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Convert 5 string to 6 string?

Discussion in 'Basses [BG]' started by J-Building, Oct 2, 2010.

  1. J-Building


    Jan 1, 2009
    I don't know if it would be more appropriate to put this in the Luthier's Corner or in Hardware, but hopefully I'll get enough advice here. I really like the idea of a six string, though the sheer size of many six string necks has always turned me off to them. For me, the neck is the single-most important feature of any bass I play. I was looking at a fairly-beat up American Deluxe Jazz five-string with a cracked headstock near the B string tuner, and since I was planning to replace the neck anyway, would it be possible to convert this to accommodate six strings?

    Here's the ad:
    I consider that crack to be a pretty major structural flaw, and I was hoping to put a fretless neck on anyway. The body, to me, is pretty beat up as well, so I've shot him an offer for $400 so far.

    Would my time and money be better spent converting another bass, or will this do just fine?
  2. Most older 6 string basses have extremely narrow spacing.
  3. J-Building


    Jan 1, 2009
    I'm trying to look for something that isn't like an Ibanez Soundgear, BTB, and still somewhat within a reasonable price range. Basically, I want a 6-string jazz bass without having to go custom or paying exorbitant sums of money (of which custom would definitely do). I'd give my price range as something less than $1300.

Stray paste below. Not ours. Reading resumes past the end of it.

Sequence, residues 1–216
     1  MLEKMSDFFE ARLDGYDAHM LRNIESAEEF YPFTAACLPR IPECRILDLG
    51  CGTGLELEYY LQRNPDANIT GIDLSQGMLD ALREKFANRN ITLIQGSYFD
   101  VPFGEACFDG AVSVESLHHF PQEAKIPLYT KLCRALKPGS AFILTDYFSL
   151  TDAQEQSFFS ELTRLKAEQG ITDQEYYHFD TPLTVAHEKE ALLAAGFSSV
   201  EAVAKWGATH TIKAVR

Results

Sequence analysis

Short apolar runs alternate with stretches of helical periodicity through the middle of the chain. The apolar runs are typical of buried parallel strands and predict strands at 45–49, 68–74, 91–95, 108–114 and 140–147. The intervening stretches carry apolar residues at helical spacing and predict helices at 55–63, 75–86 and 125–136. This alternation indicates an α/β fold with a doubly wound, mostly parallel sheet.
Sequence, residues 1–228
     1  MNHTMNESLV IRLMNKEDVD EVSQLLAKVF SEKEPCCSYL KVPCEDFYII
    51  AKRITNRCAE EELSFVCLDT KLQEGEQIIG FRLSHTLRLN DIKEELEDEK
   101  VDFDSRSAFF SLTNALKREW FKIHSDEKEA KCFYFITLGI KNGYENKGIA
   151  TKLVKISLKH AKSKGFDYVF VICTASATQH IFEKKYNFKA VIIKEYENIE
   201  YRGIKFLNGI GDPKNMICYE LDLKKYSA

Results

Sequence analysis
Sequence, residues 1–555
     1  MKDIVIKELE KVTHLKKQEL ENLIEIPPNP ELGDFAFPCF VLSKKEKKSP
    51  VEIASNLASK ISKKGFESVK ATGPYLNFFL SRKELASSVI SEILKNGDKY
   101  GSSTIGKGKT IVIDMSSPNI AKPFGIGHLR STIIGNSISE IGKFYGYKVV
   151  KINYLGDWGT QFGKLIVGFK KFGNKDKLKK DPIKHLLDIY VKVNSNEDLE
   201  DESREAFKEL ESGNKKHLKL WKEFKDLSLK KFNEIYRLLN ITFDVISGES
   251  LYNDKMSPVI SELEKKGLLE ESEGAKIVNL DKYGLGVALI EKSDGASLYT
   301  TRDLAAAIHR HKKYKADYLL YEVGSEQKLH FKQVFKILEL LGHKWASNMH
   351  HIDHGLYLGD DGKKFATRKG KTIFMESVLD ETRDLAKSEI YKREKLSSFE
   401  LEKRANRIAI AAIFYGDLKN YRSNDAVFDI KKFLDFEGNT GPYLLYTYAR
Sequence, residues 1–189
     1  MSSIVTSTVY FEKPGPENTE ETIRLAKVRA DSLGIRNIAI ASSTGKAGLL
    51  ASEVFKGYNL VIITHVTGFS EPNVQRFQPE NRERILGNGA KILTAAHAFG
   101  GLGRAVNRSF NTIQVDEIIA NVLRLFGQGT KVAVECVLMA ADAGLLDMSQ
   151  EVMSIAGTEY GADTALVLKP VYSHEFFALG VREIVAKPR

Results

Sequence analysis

4. Marton


    Sep 20, 2005
    Get a used Peavey or Carvin.
  5. BrewCityLdB


    Jun 28, 2008
    Milton, WA
    One of the guitar players in my band plays bass in several of his other bands and these have been his primary basses. He just modded two Squire Active Jazz Vs into sixers and they actually play pretty nice.


  6. J-Building


    Jan 1, 2009
    YES this is along the lines of what I'm talking about!
  7. Pete


    Jan 3, 2004
    Seattle, WA
    I wouldn't do it and I'm a 6 string player. That 5 might not be worth the asking price being busted up but if you convert it you'll have a very narrow 6 (3" at most). Plus the neck may not be able to handle the extra 40lbs of tension. That bass has pole pieces in the pickup which means the strings won't be even volume wise. There are plently of options in that range without modding.
  8. J-Building


    Jan 1, 2009
    Thanks for all your suggestions, but I think I'll just wait. It could be another year before I can lay my hands on a Steve Bailey (the bass that I'm trying to somewhat emulate). The only steady money I can get comes from Christmas, Chinese New Year, and my birthday, and getting a part-time job is next to impossible when there are two Cal States, one community college and three high schools all within 10 miles of where I am.
  9. Between the cost to convert it, the potential problems, zero resale, etc. I can't see it being a good idea to convert a 5 to a 6.

    I suspect problems with neck width are technique related.